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Coalition of the Wilting
March 28, 2003
By Justin Hill

One of the most outrageous aspects of this war in Iraq is the administration's distortion of the truth to purposely lead Americans astray. Take the so-called "Coalition of the Willing," for example. Americans have been led to believe that this war is no longer unilateral and it is backed by a large multinational coalition - one larger than that of the first Persian Gulf War, according to Secretary of Defense Donald Rumsfeld. But Rumsfeld's statement is based on a complete diversion from the truth.

Currently our coalition is made up of forty-six countries from around the world and according the White House website, "includes nations from every continent on the globe." (Did someone forget about Antarctica?) The list certainly contains world powers such as the United Kingdom, Australia, and Japan. The list also includes stable strong countries like Italy, Portugal, Spain, Singapore and South Korea. All of these countries are representative democracies. All of these countries also had extremely large anti-war movements and chose to bow to America rather than represent their populace.

These countries back America, but only the United Kingdom, Australia, Poland and Spain have devoted troops to this war (although Spain's troops are not for ground combat). According to Dana Milbank in the March 25 Washington Post, Poland initially denied supplying troops but pictures have revealed a limited number of special forces in Iraq. Denmark has supplied a submarine, but the role of the submarine in the desert is under review.

Here's where the list begins to wilt.

There are six unarmed countries counted by the White House, some of which would be a challenge to locate on a map. Palau, Costa Rica, Iceland, the Marshall Islands, Micronesia, the Solomon Islands, and Afghanistan are countries the White House has included in the coalition. According to Ian Williams at AlterNet (March 25), three of those countries are completely dependent upon the United States for funding and defense. Most of the countries included in the Coalition of the Willing are supporting this war through rhetoric only, although, the Washington Post wrote, "Morocco's weekly al Usbu' al-Siyassi claimed that Morocco has offered 2,000 monkeys to help detonate land mines." Although this is a highly speculative assertion, it would be one of the larger contributions by a coalition country.

The majority of the countries supporting the war are doing so for economic or diplomatic reasons. Bulgaria, Albania, Estonia, Hungary, Latvia, Lithuania, Macedonia, Poland, Romania and Slovakia are either trying to gain membership into NATO or are relatively new members who must stand strong with NATO powers to ensure their relevance within NATO. Along with the NATO countries, Georgia, Azerbaijan, and Uzbekistan all rely on America in the case of a threat from their Russian neighbors.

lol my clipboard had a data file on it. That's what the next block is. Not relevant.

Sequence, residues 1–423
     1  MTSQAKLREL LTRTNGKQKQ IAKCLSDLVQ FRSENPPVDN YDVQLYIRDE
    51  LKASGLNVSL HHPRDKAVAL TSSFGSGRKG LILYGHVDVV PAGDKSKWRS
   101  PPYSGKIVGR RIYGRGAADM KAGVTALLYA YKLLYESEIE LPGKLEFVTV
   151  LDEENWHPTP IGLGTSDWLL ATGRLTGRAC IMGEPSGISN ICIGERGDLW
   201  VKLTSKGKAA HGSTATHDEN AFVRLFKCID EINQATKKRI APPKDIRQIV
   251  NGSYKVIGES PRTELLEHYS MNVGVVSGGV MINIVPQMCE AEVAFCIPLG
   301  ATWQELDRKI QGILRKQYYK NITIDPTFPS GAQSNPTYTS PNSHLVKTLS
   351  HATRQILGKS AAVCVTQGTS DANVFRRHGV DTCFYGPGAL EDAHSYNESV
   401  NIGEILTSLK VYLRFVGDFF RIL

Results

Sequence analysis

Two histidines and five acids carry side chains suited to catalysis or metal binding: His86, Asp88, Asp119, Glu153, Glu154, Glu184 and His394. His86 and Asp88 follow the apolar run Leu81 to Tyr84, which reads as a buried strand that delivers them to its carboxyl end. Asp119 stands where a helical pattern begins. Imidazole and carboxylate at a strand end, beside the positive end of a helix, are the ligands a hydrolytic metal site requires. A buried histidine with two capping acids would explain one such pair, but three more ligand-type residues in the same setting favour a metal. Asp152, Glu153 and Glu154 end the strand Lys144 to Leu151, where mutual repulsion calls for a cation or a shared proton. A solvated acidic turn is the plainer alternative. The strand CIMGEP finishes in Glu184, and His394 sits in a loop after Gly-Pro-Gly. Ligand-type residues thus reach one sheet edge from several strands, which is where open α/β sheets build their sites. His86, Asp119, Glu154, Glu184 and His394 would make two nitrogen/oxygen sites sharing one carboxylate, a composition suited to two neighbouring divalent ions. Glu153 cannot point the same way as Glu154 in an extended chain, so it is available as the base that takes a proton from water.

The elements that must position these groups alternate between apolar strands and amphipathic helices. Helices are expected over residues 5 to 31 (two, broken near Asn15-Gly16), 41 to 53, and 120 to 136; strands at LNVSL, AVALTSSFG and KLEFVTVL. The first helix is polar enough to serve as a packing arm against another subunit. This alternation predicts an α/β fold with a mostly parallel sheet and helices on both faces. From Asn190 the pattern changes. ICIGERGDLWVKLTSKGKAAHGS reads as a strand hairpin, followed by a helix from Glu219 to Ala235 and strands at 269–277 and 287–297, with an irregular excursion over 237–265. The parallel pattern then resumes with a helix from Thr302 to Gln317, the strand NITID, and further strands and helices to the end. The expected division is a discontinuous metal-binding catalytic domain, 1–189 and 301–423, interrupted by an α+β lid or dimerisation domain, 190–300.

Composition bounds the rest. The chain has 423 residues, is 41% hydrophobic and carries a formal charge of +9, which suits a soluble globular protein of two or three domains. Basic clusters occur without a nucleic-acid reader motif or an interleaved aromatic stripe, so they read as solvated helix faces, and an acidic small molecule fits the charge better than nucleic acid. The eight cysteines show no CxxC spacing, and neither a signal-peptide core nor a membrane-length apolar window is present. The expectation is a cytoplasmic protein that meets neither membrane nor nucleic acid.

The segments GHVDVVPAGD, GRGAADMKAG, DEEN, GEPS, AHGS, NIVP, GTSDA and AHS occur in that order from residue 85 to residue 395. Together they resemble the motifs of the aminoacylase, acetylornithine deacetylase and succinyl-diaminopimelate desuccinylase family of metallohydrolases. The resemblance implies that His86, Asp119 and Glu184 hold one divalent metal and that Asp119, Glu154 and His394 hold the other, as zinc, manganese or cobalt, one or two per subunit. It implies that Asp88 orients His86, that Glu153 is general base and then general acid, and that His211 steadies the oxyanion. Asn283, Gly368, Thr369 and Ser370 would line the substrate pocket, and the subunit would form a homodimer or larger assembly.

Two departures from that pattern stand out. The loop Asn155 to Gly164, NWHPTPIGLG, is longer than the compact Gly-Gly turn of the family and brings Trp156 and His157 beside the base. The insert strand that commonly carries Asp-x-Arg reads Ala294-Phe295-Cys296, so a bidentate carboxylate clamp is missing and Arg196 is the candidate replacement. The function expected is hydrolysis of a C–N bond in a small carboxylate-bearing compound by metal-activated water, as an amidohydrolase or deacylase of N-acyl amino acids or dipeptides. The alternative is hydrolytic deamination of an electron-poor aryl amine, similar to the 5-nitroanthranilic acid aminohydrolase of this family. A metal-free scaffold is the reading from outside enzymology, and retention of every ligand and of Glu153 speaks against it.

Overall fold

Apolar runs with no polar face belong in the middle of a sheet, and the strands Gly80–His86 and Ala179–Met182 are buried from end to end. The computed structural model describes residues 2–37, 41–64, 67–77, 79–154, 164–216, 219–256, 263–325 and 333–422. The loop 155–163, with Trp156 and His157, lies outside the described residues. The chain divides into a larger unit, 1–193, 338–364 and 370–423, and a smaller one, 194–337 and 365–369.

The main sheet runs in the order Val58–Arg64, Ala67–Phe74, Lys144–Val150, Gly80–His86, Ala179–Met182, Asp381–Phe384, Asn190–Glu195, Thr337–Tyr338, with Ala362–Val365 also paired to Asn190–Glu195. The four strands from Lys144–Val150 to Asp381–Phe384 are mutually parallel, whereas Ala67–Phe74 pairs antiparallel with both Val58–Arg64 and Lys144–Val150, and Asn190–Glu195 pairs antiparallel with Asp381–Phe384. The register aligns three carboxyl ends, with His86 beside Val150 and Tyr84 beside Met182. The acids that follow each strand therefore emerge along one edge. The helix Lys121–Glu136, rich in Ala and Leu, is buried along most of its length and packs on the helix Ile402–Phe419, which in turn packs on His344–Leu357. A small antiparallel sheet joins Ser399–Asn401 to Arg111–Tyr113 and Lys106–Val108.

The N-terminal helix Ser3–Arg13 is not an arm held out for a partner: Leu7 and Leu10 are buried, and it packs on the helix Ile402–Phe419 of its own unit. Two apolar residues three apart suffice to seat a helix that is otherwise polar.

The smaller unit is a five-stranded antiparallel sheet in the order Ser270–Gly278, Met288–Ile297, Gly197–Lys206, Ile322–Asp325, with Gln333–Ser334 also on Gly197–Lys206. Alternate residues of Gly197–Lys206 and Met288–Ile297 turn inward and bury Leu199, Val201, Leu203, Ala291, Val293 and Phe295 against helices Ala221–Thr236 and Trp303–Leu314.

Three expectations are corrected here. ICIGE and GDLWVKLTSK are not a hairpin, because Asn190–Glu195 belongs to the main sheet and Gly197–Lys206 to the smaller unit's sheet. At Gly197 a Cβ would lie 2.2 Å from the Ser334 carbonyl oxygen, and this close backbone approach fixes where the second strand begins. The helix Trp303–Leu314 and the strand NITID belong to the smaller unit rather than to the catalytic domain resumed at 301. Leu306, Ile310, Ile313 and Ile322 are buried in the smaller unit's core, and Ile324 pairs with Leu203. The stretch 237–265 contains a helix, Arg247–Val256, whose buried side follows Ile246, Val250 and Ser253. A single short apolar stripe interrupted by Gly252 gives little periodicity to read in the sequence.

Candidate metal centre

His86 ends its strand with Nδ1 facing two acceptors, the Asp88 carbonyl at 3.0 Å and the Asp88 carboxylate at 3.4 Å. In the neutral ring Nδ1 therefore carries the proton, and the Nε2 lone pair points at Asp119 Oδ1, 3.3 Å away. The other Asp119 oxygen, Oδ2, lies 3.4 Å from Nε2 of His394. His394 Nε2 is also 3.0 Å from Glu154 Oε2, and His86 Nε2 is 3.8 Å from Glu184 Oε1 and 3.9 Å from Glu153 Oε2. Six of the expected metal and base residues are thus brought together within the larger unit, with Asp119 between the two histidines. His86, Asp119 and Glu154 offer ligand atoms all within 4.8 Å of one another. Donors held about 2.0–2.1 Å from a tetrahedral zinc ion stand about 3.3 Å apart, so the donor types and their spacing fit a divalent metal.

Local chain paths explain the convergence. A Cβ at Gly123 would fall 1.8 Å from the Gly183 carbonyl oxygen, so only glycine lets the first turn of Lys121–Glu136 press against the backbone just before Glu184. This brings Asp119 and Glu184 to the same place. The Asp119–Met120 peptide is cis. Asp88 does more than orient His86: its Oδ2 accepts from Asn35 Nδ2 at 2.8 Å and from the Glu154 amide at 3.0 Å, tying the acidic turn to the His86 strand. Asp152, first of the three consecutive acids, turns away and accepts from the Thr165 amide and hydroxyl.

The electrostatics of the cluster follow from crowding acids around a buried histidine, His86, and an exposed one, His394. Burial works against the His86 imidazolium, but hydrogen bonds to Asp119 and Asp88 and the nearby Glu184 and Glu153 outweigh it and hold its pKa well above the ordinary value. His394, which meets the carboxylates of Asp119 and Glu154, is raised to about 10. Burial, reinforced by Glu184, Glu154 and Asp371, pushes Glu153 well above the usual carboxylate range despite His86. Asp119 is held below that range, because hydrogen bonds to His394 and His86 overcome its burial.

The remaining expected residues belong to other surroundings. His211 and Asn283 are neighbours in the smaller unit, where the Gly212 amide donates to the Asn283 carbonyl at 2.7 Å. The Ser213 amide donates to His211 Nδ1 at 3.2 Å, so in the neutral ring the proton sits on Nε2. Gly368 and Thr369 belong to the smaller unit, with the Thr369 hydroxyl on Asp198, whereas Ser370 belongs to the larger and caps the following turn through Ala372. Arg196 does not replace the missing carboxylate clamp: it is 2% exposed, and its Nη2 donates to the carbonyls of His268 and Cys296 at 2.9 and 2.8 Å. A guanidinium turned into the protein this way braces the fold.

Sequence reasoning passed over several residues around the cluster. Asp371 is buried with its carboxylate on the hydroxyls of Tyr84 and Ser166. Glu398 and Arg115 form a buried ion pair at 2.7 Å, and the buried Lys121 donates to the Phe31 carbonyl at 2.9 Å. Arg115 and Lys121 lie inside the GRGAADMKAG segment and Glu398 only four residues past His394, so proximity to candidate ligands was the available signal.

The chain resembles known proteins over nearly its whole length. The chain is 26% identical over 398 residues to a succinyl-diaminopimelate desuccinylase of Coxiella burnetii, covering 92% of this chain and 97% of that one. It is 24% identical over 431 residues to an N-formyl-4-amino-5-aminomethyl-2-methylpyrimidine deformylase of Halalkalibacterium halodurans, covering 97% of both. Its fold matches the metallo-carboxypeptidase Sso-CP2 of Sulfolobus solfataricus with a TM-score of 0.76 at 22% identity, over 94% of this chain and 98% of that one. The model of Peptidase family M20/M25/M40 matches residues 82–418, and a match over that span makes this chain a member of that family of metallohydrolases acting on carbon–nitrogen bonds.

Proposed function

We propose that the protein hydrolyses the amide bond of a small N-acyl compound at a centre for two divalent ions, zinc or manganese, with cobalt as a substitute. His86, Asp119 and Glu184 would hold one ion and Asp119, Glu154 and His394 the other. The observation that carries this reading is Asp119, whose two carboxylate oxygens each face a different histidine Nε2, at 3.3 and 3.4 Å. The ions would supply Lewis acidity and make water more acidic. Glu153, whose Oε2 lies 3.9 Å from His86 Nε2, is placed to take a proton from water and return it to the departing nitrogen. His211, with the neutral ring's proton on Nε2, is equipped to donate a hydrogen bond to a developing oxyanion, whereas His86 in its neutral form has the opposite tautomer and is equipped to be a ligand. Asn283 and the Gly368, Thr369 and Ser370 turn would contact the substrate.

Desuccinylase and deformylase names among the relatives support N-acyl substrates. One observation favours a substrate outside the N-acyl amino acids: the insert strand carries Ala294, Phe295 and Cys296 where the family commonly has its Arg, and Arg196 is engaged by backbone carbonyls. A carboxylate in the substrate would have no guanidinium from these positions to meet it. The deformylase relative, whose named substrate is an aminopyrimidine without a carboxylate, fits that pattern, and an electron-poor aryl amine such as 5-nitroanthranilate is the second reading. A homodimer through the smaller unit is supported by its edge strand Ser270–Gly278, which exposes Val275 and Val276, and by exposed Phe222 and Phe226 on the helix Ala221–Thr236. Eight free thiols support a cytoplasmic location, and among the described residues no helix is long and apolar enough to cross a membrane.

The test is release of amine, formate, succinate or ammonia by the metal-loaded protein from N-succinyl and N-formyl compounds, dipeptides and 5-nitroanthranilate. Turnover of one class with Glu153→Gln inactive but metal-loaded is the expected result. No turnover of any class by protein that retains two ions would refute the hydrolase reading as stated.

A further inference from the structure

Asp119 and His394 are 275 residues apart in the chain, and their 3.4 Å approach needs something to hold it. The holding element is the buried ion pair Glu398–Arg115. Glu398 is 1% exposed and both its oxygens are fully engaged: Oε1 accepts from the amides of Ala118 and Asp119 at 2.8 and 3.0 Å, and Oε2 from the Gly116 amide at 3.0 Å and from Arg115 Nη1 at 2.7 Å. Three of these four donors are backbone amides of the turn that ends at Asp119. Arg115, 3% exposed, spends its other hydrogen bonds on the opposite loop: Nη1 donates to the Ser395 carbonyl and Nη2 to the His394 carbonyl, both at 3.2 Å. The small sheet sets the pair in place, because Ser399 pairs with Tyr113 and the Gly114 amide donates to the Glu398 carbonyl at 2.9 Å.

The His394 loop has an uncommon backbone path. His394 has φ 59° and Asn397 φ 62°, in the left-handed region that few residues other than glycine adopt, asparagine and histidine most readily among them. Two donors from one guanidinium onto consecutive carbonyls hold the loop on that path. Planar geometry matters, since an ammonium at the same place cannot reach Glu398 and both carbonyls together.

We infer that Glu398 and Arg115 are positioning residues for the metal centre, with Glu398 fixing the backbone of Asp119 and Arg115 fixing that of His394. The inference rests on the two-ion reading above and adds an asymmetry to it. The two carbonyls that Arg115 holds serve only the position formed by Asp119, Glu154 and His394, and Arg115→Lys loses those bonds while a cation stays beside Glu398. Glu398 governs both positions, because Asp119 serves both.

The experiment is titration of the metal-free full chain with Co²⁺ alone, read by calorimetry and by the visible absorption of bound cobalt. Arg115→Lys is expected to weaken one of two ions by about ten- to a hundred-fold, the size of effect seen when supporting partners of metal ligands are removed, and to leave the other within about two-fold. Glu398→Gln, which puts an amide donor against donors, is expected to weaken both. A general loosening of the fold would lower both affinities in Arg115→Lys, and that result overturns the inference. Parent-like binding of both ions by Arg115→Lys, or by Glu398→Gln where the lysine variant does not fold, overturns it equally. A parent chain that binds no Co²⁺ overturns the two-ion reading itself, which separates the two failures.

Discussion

The South and Central American countries of Colombia, Dominican Republic, El Salvador, Honduras, Nicaragua, and Panama are all trying to align themselves to be included in the George W. Buhs's Free Trade of Americas plan, which will supposedly be a boon to their economies. Lastly, many African countries with deplorable human rights records and shaky U.S. relations rely on the United States for aid and support and have signed on to keep from losing the support they need.

Among the countries in the coalition, the Department of State warns Americans not to visit seven of them because they could be killed or kidnapped. Turkey is listed but should be considered questionable after they denied America the right to use their bases to launch an incursion from the north. Eritrea made the cut along with Ethiopia who does not have the resources to provide for their own citizens. Taiwan is even listed - but Taiwan is not officially a country.

According to Milbank the first Persian Gulf War consisted of thirty-four countries that provided military support. That coalition would have been over one hundred by the accounting standards employed by the Bush administration. Declaring this coalition larger than the one assembled by George Bush Sr. is an insult to all those involved in the diplomatic efforts prior to the first Gulf War.

This is a coalition of necessity to most countries. They have no choice. In the first Gulf War, Yemen lost funding from America after they voted against the UN resolution authorizing a war to liberate Kuwait. The Coalition of the Willing are not countries willfully and actively supporting this war, but instead choosing to sign a piece of paper to avoid angering the American power brokers.

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